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The Rise of Western ’Begpackers’ Is Affecting the Tourism Industry and Backpacking Culture

There’s a new phenomenon in the travel industry. Western backpackers are visiting impoverished Southeast Asian nations, where they expect locals to pay for their travel. Yes, a free ride. The phenomenon of ’begpacking’ started when Western tourists were found begging in the streets of Hanoi and Bangkok, asking for money to fund their travel expenses. While some travellers raised money through selling wares, busking and street performing, others begged from locals and tourists.

Begpackers are mostly targeting countries where the average income is far lower than their home countries’ minimum wage. In the UK, local police are usually responsible for moving beggars along, and companies are hired for traveller eviction from private property. In less wealthy countries where the tourist industry is a significant source of income, locals find it difficult to differentiate between backpackers, who they want to encourage, and begpackers who they don’t. This scenario is also affecting the way locals see Western tourists.

What’s the Deal?

If you’ve ever encountered begpackers, you know that they’re mostly people in their early 20s to late 30s who come from wealthier countries in Europe, Australia and the USA. The story of ‘white privilege’ is spreading across Southeast Asian countries like Thailand, Indonesia, Malaysia and South Korea.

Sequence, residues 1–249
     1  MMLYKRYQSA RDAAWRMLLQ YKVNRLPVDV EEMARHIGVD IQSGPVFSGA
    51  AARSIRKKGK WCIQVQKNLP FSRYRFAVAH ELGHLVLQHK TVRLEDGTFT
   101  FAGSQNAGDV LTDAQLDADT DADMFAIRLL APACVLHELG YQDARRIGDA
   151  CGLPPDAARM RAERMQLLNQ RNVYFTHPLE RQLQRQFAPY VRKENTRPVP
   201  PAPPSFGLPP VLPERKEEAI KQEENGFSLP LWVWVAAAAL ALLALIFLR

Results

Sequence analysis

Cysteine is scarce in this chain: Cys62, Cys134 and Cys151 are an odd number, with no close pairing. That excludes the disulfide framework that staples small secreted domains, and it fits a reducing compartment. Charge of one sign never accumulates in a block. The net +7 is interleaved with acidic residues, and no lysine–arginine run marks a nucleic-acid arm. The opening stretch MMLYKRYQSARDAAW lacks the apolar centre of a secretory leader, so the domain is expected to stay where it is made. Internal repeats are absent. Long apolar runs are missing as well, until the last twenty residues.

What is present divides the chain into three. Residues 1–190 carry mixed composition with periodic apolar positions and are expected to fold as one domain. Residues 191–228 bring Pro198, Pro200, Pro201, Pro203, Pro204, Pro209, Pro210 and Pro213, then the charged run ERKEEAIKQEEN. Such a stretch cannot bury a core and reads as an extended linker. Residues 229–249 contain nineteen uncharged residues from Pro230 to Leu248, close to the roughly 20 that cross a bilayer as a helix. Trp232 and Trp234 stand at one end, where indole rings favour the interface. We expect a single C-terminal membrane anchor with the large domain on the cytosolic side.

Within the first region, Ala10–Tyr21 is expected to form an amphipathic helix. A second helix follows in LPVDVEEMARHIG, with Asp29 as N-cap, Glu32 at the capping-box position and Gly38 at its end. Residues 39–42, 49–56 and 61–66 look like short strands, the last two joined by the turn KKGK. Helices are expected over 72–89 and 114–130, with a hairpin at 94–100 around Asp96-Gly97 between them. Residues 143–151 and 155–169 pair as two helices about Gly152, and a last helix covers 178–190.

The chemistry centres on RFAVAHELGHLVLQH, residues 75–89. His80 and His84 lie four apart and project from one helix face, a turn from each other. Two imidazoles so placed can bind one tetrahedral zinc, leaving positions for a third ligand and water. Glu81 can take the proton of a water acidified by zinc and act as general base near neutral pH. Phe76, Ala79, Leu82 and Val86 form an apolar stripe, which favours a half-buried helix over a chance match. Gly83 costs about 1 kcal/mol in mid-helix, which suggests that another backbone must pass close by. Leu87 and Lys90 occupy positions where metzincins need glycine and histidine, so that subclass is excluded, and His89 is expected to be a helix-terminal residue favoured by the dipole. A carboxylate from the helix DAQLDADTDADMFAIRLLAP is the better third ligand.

The passports of these western travellers allow them easy access in many countries, giving them free rein o visit where they want. As long as they have enough cash for the initial cost of an airline ticket to Indonesia, for example, then they’re good to go. They can quickly hop on a plane as if it’s a subway train or a bus. When they arrive, that’s when the trouble starts. They usually have enough money to cover a few days in a hostel. But even before their money runs out, they’ll go on the streets to beg or sell items.

Some are honest enough to say that they need money for travel, accommodation, and food. However, some begpackers come up with stories that they were forced to beg because they lost their wallet or passport.

beggar on the street

Truth or Scam?

However, some authorities are wising up to this nuisance. In Bali, the police are cracking down on begpackers. They round them up and drop them off at their respective embassies. The police said the embassies are responsible for the welfare of these so-called tourists, who have fallen on hard times and cannot afford to return home.

In extreme cases, some line up for meals from food banks, taking away donations meant for the country’s urban poor. The phenomenon is annoying locals since the begpackers deter the tourists who bring money into the local economy.

Backpacking, whether during a gap year before university, between jobs or for a couple of weeks break from work, is often considered one of the rites of passage before settling down and taking on more significant financial and family responsibilities. Countries like those of SE Asia are welcoming to tourists and have the infrastructure and temperament to accommodate all visitors. Begpackers are exploiting their hospitality and damaging the goodwill.

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